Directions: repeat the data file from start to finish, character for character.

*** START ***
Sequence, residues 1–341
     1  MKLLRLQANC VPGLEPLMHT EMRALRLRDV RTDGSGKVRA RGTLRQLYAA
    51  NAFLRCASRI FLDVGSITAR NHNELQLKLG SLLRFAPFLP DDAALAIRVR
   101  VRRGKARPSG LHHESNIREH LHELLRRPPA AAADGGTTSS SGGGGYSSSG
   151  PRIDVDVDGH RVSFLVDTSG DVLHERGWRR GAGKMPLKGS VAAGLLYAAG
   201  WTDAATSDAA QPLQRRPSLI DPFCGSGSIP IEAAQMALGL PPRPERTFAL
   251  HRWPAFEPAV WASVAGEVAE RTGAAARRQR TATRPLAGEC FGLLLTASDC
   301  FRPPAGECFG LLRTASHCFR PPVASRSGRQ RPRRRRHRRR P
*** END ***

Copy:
Sequence, residues 1–341
     1  MKLLRLQANC VPGLEPLMHT EMRALRLRDV RTDGSGKVRA RGTLRQLYAA
    51  NAFLRCASRI FLDVGSITAR NHNELQLKLG SLLRFAPFLP DDAALAIRVR
   101  VRRGKARPSG LHHESNIREH LHELLRRPPA AAADGGTTSS SGGGGYSSSG
   151  PRIDVDVDGH RVSFLVDTSG DVLHERGWRR GAGKMPLKGS VAAGLLYAAG
   201  WTDAATSDAA QPLQRRPSLI DPFCGSGSIP IEAAQMALGL PPRPERTFAL
   251  HRWPAFEPAV WASVAGEVAE RTGAAARRQR TATRPLAGEC FGLLLTASDC
   301  FRPPAGECFG LLRTASHCFR PPVASRSGRQ RPRRRRHRRR P